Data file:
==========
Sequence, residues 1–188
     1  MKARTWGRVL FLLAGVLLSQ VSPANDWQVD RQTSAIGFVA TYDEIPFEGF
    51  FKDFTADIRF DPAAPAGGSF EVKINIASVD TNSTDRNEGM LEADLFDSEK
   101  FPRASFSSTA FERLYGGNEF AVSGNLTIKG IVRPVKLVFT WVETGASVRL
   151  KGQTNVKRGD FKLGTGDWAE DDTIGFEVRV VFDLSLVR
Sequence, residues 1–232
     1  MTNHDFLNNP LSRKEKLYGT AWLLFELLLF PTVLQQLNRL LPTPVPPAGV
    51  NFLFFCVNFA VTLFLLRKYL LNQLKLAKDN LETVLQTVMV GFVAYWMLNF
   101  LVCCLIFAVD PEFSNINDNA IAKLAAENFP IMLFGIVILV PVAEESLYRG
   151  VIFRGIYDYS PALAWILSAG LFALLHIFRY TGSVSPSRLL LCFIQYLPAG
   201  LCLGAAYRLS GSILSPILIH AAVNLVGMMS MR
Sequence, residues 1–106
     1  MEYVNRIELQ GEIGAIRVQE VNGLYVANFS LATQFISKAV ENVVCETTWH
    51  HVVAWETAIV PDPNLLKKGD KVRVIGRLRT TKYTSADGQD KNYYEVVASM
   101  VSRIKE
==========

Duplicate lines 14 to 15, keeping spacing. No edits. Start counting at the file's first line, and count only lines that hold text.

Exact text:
    51  HVVAWETAIV PDPNLLKKGD KVRVIGRLRT TKYTSADGQD KNYYEVVASM
   101  VSRIKE